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Kevin ClarkeApril 12, 2020
Pope Francis delivers his Easter blessing "urbi et orbi" (to the city and the world) after celebrating Easter Mass in St. Peter's Basilica at the Vatican April 12, 2020. 

In a remarkable Easter Sunday letter to members of social movements around the world, Pope Francis, noting that the widespread suffering caused by the global coronavirus pandemic does not fall evenly, suggested that the crisis warranted the establishment of a universal basic wage. He described it also as an opportunity for affluent societies to “downshift” and re-evaluate patterns of consumption and exploitation.

“This may be the time to consider a universal basic wage which would acknowledge and dignify the noble, essential tasks you carry out,” Pope Francis wrote. “It would ensure and concretely achieve the ideal, at once so human and so Christian, of no worker without rights.” (In the original text, the pope used an expression, “el salario universal,” that is typically used in Spanish to refer to the universal basic income.)

He added, “I hope that this time of danger will free us from operating on automatic pilot, shake our sleepy consciences and allow a humanist and ecological conversion that puts an end to the idolatry of money and places human life and dignity at the center.”

“Our civilization—so competitive, so individualistic, with its frenetic rhythms of production and consumption, its extravagant luxuries, its disproportionate profits for just a few—needs to downshift, take stock and renew itself.” Pope Francis said that “technocratic paradigms (whether state-centered or market-driven) are not enough to address this crisis or the other great problems affecting humankind.”

Pope Francis: “I hope that this time of danger will free us from operating on automatic pilot, shake our sleepy consciences and allow a humanist and ecological conversion that puts an end to the idolatry of money.”

“Now more than ever, persons,” he said, “communities and peoples must be put at the center, united to heal, to care and to share.”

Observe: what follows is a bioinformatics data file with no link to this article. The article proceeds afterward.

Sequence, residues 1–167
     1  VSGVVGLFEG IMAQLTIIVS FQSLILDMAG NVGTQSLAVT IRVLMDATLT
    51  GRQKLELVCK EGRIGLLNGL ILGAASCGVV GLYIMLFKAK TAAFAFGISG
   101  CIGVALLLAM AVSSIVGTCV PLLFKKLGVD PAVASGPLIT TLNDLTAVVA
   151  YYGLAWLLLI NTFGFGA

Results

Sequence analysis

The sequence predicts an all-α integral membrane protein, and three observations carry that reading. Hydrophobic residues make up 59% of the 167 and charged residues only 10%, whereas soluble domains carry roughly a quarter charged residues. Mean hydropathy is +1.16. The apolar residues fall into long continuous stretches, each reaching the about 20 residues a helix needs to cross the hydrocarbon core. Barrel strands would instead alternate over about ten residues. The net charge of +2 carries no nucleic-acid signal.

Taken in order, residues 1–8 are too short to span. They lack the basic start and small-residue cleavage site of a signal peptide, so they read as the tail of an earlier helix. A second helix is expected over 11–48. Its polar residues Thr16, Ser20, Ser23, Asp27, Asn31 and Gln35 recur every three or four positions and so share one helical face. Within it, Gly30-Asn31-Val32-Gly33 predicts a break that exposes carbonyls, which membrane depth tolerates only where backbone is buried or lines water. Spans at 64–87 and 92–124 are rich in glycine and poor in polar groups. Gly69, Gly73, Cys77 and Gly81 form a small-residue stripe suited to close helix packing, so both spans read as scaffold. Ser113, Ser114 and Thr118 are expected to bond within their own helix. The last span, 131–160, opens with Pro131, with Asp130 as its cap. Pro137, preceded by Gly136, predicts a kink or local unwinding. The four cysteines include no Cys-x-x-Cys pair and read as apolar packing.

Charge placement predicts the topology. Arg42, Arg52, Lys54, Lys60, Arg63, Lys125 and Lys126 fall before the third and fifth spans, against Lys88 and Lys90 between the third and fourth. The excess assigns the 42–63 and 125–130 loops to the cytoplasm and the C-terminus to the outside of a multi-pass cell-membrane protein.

Editor’s Note, April 13: America Media received a clarification from Cardinal Michael Czerny, S.J., Under-secretary of the Migrants and Refugees Section of the Dicastery for Promoting Integral Human Development, correcting a misunderstanding about the expression “salario universal,” which America initially reported as equivalent to the concept of the “universal basic income.” America regrets the error

Cardinal Czerny wrote, “The Spanish expression ‘salario universal’ can well be translated into English as ‘universal basic wage.’ This is not to be understood as equivalent to universal basic income, but to a different notion, coming from the pope’s Argentinian background and his involvement with cartoneros [residents who collect and recycle trash for compensation] in Buenos Aires.

“The Holy Father means finding a way to give public recognition, the guarantee of some basic rights and a stable wage to the workers of the informal sector,” the cardinal wrote. “In other words, it is the solution to the problem that the same Easter Letter highlights a few lines earlier: ‘Many of you live from day to day, without any type of legal guarantee to protect you. [...] you have no steady income to get you through this hard time.’”

The cardinal said that the pope’s proposal “has a more precise scope than universal basic income, as it refers only to informal workers.”

In his letter, the pope called members of social movements, which include civil society agents of change from labor unions and indigenous rights activists to advocates for the homeless and the environment, “social poets because, from the forgotten peripheries where you live, you create admirable solutions for the most pressing problems afflicting the marginalized.”

“In these days of great anxiety and hardship,” the pope said, “many have used war-like metaphors to refer to the pandemic we are experiencing. If the struggle against COVID-19 is a war, then you are truly an invisible army, fighting in the most dangerous trenches; an army whose only weapons are solidarity, hope, and community spirit, all revitalizing at a time when no one can save themselves alone.”

Pope Francis noted that the global community of working people, many laboring precariously in the informal market, “have been excluded from the benefits of globalization.”